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Describe the application of behaviourist perspectives in health and social care.

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Unit 8: Assignment 8.1a P1: Describe the application of behaviourist perspectives in health and social care. Introduction Behaviourist approaches are easy to understand. Behaviourists are only interested in our behaviour - in what we actually do. They are not interested in anything that might be going on inside our heads. Behaviourists apply scientific principles to studying behaviour. They don't think it is important to ask and analyse what people might be thinking or feeling. All that matter is what we see them doing. Behaviourist approaches are really theories about learning and are easy to apply to health and social care. If we understand how people learn, we can help them to learn new skills. We can also help them to unlearn old habits that are unhelpful to them. The Classical Conditioning Theory A Russian physiologist called Ivan Pavlov developed this theory. He was working with dogs to investigate their digestive system. Ivan Pavlov (1849 - 1936) studied salivating dogs and conducted a series of experiments that demonstrated conditioning. The experiments showed how the stimulus of the bell was a conditioned stimulus when the dog associated with the arrival of food (an unconditioned stimulus) ...read more.


As a result, they try to avoid certain social activities and situation. The phobia that I am going to look at is Arachnophobia, which is fear of spiders. If I told you that someone ten miles away had a small spider in his or her loft, it would not worry you. There is some level of exposure to spiders, which is not a problem for you. It might be that a tiny spider in a jar in the next room might not be a problem, or that a photo or drawing of a spider would not be frightening. Whatever that level of tolerable exposure is, it is worth doing a few experiments to determine where the level is. Even if, to people who are not scared of spiders, the situations seem absurd, it is worth examining where the tolerable level is for you. Now this is the interesting bit, because even without any effort or having to put up with being scared of these things, your tolerance starts to improve. Just by thinking about it and realising that the spider less than 2mm across 200 metres away was not scary on that day, a week later you can examine the state of the phobia again and realise that a 3mm spider 150m away would not be too bad. ...read more.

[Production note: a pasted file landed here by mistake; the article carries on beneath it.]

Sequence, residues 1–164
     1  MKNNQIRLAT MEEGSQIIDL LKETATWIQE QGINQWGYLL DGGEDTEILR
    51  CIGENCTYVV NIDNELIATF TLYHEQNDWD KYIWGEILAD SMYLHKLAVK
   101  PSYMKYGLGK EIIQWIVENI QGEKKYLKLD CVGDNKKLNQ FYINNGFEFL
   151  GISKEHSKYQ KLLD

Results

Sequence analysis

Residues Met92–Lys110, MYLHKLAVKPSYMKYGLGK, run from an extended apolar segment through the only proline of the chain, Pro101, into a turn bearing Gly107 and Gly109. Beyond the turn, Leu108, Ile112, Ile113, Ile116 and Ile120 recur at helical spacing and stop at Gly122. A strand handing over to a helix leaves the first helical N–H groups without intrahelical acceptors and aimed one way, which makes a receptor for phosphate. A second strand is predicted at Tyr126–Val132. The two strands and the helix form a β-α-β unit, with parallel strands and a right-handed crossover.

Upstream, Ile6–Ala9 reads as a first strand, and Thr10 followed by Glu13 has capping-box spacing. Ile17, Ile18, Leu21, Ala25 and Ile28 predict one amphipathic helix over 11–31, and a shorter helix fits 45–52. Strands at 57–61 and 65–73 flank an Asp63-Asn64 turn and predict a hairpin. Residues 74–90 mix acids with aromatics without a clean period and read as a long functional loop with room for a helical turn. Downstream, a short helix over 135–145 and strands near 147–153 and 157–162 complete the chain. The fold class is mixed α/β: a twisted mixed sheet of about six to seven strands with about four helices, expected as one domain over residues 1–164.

The child learns that their behaviour (a tantrum), gets want they want a sweet, and so they will repeat the behaviour. The use of bribery in an attempt to change the behaviour will not result in behaviour change or modification. When bribery is used, all that learned is what do to please the person who holds the rewards, not the preferred behaviour. If changing or modifying behaviour is the desired outcome, there is no mention of reward at the time and this only comes after the desired behaviour has been demonstrated and linked to behaviour. For example, if an adult asks a child to tidy those toys up, praise should be given telling them how well they did this and how helpful it is only after they have completed the task. On the other hand, when shaping behaviour is the desired outcome, the reward could be indicated when the request for desired behaviour is made. For examples, when you have tidied all the toys up we can go walk to the park and play on the swings. It is important that the desired outcome is clear and that positive reinforcement is not confused with bribery or that punishment is seen as negative reinforcement. ?? ?? ?? ?? Sana Parkar ...read more.

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